The ideas for going "vertical" (tall shrubs and/or an arbor) are definitely something to think about. Though I do agree with yaardvark's assessment that a lot of potted plants is just too much. My in-laws transplanted some jade tree branches into several more pots the last time they came so we now have like 5-6 medium-sized planters around - it's already overwhelming having this many planters (partly because they're all clumped together currently too). So a few that are spread out pretty well would probably be easier for us too in terms of maintenance.

As far as pollen, there are a number of pines in the area, so I guess that must be where it's all coming from.

    Bookmark   March 30, 2012 at 4:41PM
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For the grill, I could probably designate a small rectangular space to lay out pavers and then just put the decorative stone around it, etc.

    Bookmark   March 30, 2012 at 5:08PM
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karinl(BC Z8)

Don't take any single person's views as being prescriptive... we are all just making suggestions based on our guesses of the setting and the needs. You are the only person who KNOWS and who can assess a right vs. a wrong answer based on how it will feel to you in the space. When one of us says something that aligns with how you feel about the space, you have yourself a good idea, but it's unlikely any of us will get it all right.

For example, river rock... a nightmare for walking; creates a no-go zone. Trellis/arbour: creates constraint at head/shoulder area. And groups of pots (and river rock too for that matter) = habitat for spiders.

What I will say is that it is sounding more like your in-laws have been creating their dream garden out in your yard. If these are the people you co-own with, then they get some leeway to do this although it should be negotiated with you, but otherwise.... you are on the right track with your loppers, clippers, and shovel.

Karin L

    Bookmark   March 30, 2012 at 8:29PM
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Thanks Karin!

I definitely am not going to take any one person's views but there have been quite a few good ideas that I'll take to heart. I've already started cutting down stuff and did more today. The ground is just covered with BOP leaves and thorny branches; cleanup won't be fun.

I definitely won't be doing river rock, but the smaller decorative rock (larger than gravel) idea I do like. I probably won't be building any arbor/trellis structures either, and don't plan on keeping too many pots out there. I guess the only concern with decorative rocks is the tendency to trap smaller leaves that shed from the jacaranda trees.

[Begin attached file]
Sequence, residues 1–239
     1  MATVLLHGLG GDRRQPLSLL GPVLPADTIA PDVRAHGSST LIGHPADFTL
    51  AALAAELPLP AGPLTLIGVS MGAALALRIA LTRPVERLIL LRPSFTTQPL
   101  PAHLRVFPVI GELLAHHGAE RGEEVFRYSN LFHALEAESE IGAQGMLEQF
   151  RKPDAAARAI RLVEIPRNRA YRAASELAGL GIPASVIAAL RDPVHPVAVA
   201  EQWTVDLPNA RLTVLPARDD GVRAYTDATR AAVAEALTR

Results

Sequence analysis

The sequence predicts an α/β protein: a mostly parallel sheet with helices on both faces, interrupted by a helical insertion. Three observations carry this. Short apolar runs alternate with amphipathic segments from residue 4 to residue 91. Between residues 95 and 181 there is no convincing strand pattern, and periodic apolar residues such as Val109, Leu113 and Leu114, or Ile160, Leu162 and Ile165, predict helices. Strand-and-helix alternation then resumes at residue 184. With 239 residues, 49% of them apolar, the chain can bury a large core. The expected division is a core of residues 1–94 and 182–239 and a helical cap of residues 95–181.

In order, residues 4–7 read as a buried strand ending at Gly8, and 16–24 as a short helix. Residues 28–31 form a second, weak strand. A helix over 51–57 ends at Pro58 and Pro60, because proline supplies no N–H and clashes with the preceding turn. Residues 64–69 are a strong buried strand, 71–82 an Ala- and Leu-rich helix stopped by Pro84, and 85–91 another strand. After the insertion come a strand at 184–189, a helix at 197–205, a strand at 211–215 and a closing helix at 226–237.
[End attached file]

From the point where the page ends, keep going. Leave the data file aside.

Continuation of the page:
In terms of the in-laws, I think they'll get over it. They've only visited TWICE in the two years we've been married. They're busy running their restaurant so coming down is really a huge break from the action for them. I guess the concern is that they'll be REALLY bored when they get here cause there will be little gardening to do!!! hahahaha.

I co-own with my parents, who live up north. They visit a little more frequently - maybe several times a year. But don't really go out into the yard either. If they were to see me doing all this snipping right now, they probably wouldn't be too happy. But if they see everything after the fact there's not much they'll be able to do. And I think they'll be okay with it... they'll have to be okay with it anyway :)

    Bookmark   March 30, 2012 at 11:36PM
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bahia(SF Bay Area)

Looking at your photos, it's obvious those walls aren't 6 to 8 feet tall, but more likely about 4 to 5 feet maximum. Take a measurement, but lifting materials over a 4 foot height wall will be easier than tracking through the house. It does sound like you and your wife aren't gardeners nor have much interest or knowledge of gardening; as such h, I wouldn't recommend going to the effort of creating raised beds for veggies if you won't be inclined to take care of them. As you hate maintenance and don't have outside easy access, I'd get rid of maintenance -intensive plants such as the roses, and keep the Birds of Paradise, but learn how to thin them out occasionally to restrict their width and keep them from looking so stubby the way they have been pruned to date.